At the end of last January, I opened my email expecting to see the typical college spam emails that were always there. When I did, I saw one from Westminster that piqued my interest. For context, about two months prior I had submitted an essay to the 6th Annual Essay Contest hosted by Westminster’s Honors College and was awaiting the results. When I opened the email, I saw that I had been awarded the first-place prize.
I was overjoyed in the moment and immediately went to celebrate with my family. But after a few weeks, during which I quietly tucked away the money I had won in my savings account, published the essay in the Salt Lake Tribune, and felt the excitement of first place start to wear off, I got buried in the workload of the infamous vintage ad project, and all the confidence I had gained from winning first place began to dissolve. When I failed to get above an A- on my project, I started to doubt whether I was deserving of that award.
Winning the contest set a whole new standard for me. My peers started to look to me for advice, thinking I was some amazing writer, but when I looked around in my AP Lang class I felt like I wasn’t good enough to be there. I became paralyzed whenever I started an essay, and I had trouble putting my fingertips to the keyboard to type just one word. If I was going to fail, what was the point in even trying?
This was the mantra going through my head all of junior year as I struggled in my classes more than I was used to. It later expanded to things like my social life and sports, where I lost all desire to try new things and push myself because I felt like I was doomed to fail. I felt stuck and hopeless, and at the time I blamed it on burnout (which is partially true), but why did I feel so pessimistic about my work even after having 3 months of summer vacation to recover from my chaotic junior year? After listening to an episode of a psychology podcast Hidden Brain, I found my answer: perfectionism.
Perfectionism is nothing new to Rowland Hall students. It’s a well known fact that we hold ourselves to crazy high standards and expect to meet them every time. This may seem like a good idea at first, ensuring high quality of work, but according to psychologist Thomas Curran, those expectations of ourselves may be doing more harm than good.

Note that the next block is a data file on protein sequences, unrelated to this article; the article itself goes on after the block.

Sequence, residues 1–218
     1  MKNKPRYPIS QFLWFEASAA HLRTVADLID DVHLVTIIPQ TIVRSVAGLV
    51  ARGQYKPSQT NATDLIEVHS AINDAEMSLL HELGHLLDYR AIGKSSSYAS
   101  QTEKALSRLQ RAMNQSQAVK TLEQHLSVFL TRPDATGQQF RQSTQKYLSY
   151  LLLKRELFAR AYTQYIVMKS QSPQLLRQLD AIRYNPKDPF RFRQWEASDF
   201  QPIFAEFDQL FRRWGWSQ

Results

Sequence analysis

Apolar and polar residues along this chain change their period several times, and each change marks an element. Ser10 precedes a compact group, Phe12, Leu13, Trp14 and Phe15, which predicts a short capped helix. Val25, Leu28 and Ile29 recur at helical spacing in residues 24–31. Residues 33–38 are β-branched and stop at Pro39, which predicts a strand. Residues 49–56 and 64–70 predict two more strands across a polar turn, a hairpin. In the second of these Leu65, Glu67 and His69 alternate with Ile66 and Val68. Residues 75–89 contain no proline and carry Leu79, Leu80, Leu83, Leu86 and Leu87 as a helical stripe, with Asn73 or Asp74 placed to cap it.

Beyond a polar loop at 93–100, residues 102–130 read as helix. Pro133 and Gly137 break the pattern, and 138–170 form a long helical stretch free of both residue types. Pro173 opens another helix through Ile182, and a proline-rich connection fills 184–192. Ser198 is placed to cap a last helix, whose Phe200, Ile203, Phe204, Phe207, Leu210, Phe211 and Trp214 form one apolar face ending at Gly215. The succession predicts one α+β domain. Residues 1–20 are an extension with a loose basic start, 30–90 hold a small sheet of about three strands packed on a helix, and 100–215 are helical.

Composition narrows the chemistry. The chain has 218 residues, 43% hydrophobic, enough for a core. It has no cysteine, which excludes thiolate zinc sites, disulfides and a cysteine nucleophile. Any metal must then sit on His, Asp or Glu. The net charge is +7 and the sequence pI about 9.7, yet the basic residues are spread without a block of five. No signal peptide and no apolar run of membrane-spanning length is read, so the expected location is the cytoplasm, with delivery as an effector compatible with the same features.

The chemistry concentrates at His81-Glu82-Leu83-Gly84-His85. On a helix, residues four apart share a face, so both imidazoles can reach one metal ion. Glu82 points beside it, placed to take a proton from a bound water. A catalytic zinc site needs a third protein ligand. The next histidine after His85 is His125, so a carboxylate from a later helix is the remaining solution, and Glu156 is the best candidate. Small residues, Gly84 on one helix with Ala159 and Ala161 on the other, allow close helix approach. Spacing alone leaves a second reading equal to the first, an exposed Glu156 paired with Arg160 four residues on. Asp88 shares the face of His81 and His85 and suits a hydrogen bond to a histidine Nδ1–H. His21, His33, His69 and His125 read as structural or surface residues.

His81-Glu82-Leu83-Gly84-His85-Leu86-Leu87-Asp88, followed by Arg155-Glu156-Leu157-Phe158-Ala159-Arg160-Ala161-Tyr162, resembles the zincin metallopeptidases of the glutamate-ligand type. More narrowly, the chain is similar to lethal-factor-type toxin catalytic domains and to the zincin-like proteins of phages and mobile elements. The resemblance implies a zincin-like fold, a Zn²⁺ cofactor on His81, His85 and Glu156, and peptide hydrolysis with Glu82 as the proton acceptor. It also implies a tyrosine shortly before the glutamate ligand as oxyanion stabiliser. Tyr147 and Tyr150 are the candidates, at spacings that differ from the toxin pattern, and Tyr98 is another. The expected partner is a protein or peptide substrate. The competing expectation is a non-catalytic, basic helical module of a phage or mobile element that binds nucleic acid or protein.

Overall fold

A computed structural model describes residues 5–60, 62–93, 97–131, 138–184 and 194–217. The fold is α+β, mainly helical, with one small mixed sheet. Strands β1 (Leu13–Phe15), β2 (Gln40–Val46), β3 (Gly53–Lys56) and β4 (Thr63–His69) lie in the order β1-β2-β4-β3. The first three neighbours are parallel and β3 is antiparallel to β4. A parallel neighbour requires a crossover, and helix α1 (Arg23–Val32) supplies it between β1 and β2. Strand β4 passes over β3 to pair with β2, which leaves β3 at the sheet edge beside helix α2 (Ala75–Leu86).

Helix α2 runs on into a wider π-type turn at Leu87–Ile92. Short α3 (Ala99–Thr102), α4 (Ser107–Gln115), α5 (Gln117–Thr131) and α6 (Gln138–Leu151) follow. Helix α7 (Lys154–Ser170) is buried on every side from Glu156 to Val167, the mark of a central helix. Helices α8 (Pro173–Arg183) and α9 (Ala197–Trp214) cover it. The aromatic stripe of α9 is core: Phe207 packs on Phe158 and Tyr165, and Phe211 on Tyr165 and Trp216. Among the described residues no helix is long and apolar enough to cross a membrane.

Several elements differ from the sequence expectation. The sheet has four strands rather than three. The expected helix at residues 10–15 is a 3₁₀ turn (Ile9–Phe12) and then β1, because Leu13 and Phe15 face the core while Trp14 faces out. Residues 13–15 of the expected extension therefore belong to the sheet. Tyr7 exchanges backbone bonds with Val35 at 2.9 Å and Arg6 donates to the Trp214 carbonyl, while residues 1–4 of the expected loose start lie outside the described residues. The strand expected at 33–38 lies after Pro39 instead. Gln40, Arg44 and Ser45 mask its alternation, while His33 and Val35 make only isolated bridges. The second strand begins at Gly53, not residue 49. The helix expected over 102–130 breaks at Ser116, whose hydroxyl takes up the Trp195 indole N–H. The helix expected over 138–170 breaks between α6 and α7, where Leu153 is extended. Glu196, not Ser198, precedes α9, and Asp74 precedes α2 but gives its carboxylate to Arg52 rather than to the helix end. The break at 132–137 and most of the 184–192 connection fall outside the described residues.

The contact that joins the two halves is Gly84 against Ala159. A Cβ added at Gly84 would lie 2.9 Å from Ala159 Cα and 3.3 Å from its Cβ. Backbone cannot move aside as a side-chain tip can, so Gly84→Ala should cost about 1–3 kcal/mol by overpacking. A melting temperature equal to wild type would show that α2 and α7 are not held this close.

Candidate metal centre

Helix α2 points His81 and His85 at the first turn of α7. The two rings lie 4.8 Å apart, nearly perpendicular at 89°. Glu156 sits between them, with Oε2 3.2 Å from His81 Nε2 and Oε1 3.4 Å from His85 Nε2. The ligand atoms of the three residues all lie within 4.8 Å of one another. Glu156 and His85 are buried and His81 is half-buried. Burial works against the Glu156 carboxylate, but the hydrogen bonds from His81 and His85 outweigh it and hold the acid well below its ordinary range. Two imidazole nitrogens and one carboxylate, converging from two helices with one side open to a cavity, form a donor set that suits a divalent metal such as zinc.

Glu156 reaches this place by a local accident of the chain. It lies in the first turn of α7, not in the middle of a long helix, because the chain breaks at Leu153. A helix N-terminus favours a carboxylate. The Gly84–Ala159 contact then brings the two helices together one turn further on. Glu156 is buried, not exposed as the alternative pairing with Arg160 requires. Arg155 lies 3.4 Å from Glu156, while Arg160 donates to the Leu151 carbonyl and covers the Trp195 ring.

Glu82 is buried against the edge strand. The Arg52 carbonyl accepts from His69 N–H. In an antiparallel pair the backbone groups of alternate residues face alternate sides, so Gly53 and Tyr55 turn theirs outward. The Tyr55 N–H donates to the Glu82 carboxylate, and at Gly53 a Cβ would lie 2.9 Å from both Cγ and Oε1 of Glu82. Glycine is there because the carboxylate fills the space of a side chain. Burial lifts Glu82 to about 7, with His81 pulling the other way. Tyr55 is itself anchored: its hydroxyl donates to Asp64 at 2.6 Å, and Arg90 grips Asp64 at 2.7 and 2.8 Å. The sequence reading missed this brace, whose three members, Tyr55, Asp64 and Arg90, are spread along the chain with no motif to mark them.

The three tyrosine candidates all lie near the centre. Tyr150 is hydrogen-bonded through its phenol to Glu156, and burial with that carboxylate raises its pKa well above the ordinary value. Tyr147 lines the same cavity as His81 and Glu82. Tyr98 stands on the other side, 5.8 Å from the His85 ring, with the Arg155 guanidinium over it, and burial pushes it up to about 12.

First off, what makes someone a perfectionist and what behaviors do they exhibit? According to Psychology Today, some of the tell-tale behaviors are: unrealistically high expectations they set for themselves and others, being overly critical of mistakes, and a paralyzing fear of failure. Perfectionists often procrastinate, and when they are complimented or celebrated, they downplay it or don’t acknowledge it. Some of these traits are clearly destructive, while others may not be as obvious. So how do these traits culminate and hurt overall productivity?
Curran mentions a phenomenon called “diminishing productivity return,” which explains that although perfectionists work hard, their efforts tend to worsen the overall quality of their work. Perfectionists work too hard to the point where their habits are unsustainable and they become burned out. In other words, perfectionists work harder, not smarter, and their work and mental wellbeing suffer because of it. Additionally, because of many perfectionists’ fear of failure, many of them adopt a black-and-white mentality that tells them that the embarrassment of failing is worse than not trying at all. Combine that with the burnout and you find many people end up procrastinating or giving up on their goals entirely.
What winning the essay contest did for me was reinforce unrealistic expectations of my writing. I spent hours getting stuck on writing the perfect thesis or topic sentence over and over again and never looked at my essays holistically. That’s when I found myself subscribing to the mindset that “If my writing isn't worthy of first place then it isn’t worth wasting the time and effort on it if I am going to fail either way,” culminating in sub-par essays (according to my unrealistic expectations) and further cementing my perfectionist tendencies. Although if I had done better, Curran explains that it would still reinforce my perfectionistic behavior because the more success perfectionists experience, the more pressure they put on themselves to perform well in every situation.
So how do you escape from the cycle of perfectionism? One method Curran mentions is to make your focus the quality of the work and detach your own self worth or self esteem from the arbitrary value of the work. Instead of making ourselves and our worth the focus, make the quality of the work the focus so you can separate criticism of the work from your identity. Another method for writing specifically is to “write out all the bad” and wait to revise. Remember that a first draft is not the final product and don’t get caught up in making every detail perfect while you write.
It’s hard to break these perfectionist habits, but employing these techniques has really helped me not only get things done but also feel better about myself in general. Perfection is unattainable, and it has greatly benefitted me to focus on myself and my well being rather than trying to do the impossible with my work. If you struggle with perfectionism too, I highly suggest listening to the podcast, linked here.